TOKYO, Sept 10 Freeport LNG expects to take the
final investment decision on its third processing unit at its
liquefied natural gas (LNG) project in Texas near the end of
2014, the head of the company told Reuters on Tuesday.
The Houston-based firm signed separate liquefaction tolling
contracts on Monday with Japan's Toshiba Corp and South
Korea's SK E&S for the plant's third production unit, or train,
to freeze natural gas for shipping.
The processing capacity from the first two trains has
already been contracted to Britain's BP and Japanese
utilities Osaka Gas Co and Chubu Electric Power Co
. The final investment decision on the first two trains
is expected in the first quarter of next year.
"We're on the schedule for a final EIS (Environment Impact
Statement) on Dec. 27 ... which will allow us to get approved in
January, February and start construction in March," CEO Michael
Smith said on the sidelines of an LNG conference in Tokyo,
speaking of the construction plans for the first two trains.
Asian and European companies have been queuing up to import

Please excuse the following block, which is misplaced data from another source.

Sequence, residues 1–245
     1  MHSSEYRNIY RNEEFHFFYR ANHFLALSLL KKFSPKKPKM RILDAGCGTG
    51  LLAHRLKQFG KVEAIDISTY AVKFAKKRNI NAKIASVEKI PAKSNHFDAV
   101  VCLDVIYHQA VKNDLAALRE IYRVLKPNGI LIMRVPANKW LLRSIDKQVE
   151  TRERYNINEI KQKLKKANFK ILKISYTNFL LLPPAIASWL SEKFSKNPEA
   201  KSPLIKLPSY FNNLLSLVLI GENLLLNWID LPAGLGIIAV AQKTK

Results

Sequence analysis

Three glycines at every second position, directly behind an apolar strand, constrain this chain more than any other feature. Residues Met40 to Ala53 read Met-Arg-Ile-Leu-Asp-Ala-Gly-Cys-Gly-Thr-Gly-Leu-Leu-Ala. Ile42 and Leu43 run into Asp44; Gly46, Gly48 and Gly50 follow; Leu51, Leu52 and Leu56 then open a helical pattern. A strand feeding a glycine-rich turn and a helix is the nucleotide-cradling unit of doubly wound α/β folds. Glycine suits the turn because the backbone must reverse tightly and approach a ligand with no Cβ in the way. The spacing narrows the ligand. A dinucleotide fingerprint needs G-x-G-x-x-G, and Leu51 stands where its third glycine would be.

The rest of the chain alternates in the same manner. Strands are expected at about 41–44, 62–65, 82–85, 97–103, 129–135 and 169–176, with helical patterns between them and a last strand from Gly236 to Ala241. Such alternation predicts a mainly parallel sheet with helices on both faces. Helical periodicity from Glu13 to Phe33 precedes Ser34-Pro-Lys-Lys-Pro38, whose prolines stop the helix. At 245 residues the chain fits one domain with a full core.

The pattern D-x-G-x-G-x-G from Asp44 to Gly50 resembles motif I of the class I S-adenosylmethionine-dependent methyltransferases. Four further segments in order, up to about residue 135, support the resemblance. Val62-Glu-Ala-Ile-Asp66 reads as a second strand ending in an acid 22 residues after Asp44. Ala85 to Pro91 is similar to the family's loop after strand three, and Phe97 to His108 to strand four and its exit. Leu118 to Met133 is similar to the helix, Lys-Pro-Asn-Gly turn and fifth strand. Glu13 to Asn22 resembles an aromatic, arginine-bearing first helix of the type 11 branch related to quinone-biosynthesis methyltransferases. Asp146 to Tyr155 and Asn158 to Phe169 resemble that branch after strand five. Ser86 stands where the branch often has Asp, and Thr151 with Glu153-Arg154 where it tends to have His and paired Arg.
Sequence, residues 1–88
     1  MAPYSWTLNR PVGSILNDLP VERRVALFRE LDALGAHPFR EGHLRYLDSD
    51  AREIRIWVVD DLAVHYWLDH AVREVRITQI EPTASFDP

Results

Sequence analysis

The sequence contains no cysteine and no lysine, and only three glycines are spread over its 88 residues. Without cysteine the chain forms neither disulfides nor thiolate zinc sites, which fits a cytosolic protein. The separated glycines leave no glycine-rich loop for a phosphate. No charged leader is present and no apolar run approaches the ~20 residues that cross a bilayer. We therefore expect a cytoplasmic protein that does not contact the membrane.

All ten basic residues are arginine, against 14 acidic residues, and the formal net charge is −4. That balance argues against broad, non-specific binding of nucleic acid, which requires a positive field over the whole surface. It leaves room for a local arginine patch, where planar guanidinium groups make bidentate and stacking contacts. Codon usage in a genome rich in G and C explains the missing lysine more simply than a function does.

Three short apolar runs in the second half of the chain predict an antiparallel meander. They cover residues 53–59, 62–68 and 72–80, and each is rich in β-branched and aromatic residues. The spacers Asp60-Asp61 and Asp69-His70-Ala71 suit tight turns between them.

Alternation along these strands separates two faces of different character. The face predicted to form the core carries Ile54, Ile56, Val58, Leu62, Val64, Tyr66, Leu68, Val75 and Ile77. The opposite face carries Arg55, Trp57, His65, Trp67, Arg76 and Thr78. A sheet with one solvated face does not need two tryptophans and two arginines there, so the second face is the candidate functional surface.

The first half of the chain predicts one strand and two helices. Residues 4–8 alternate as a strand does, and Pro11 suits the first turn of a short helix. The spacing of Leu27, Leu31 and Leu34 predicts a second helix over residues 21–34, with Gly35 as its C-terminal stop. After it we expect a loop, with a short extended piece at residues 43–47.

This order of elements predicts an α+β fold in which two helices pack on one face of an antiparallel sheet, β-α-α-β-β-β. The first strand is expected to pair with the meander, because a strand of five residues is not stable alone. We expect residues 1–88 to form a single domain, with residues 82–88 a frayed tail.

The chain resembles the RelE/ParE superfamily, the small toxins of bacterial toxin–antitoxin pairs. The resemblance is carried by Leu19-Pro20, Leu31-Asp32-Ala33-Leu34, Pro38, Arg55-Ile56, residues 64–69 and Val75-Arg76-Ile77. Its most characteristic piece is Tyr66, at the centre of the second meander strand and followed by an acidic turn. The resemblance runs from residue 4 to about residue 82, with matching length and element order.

U.S. natural gas, supplies of which are at record highs thanks
to horizontal drilling and hydraulic fracturing that have
unlocked vast reserves of the fuel from shale rock formations,
pushing U.S. prices far below global levels.
LNG prices in Asia at the same time have risen since the
Fukushima disaster in March 2011 closed most of Japan's large
fleet of nuclear power stations and left the country scrambling
for substitute fuel for power generation.
Cheap U.S. gas has attracted other Japanese companies, as
well as firms in India and Europe, that have agreed to buy LNG
from other proposed export plants in the United States.
The U.S. Department of Energy granted the Freeport LNG
project, just south of Houston, Texas, conditional authority in
May to export at a rate of up to 1.4 billion cubic feet of
natural gas a day (Bcf/d) for a period of 20 years.
That would be equivalent to more than 10 million tonnes of
LNG a year, and would cover the project's first two trains, each
with an annual capacity of 4.4 million tonnes.
Freeport is still waiting for a construction permit for the
first two trains from the Federal Energy Regulatory Commission,
which the company expects will be granted in the first three
months of next year.
First exports are targeted for early 2018. The third train -
also with a capacity of 4.4 million tonnes a year - is expected
to come online near the end of 2018.